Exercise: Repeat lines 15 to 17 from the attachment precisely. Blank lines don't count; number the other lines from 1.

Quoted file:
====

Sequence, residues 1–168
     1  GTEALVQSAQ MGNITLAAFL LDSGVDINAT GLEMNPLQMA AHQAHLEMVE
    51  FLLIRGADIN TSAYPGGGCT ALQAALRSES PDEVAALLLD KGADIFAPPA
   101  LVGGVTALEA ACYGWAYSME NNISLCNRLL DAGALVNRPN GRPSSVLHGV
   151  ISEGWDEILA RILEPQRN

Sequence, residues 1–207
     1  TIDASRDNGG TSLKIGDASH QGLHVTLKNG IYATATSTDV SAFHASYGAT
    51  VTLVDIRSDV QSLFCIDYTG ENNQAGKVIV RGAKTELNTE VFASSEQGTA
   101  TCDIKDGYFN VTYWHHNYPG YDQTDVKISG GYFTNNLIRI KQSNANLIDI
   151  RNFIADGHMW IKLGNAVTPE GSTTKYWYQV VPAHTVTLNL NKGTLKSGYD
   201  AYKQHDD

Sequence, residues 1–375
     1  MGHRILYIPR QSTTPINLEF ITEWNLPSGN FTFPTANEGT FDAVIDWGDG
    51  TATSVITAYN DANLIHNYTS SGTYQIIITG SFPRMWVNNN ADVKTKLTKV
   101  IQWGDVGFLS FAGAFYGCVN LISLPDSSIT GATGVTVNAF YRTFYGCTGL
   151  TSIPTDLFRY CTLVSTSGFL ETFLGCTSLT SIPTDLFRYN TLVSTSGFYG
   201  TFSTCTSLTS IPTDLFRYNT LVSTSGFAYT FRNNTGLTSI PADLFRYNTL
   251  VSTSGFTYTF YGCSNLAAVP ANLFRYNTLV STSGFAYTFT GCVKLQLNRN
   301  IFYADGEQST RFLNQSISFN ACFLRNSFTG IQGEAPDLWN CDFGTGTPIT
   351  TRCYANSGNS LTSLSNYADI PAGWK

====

   101  IQWGDVGFLS FAGAFYGCVN LISLPDSSIT GATGVTVNAF YRTFYGCTGL
   151  TSIPTDLFRY CTLVSTSGFL ETFLGCTSLT SIPTDLFRYN TLVSTSGFYG
   201  TFSTCTSLTS IPTDLFRYNT LVSTSGFAYT FRNNTGLTSI PADLFRYNTL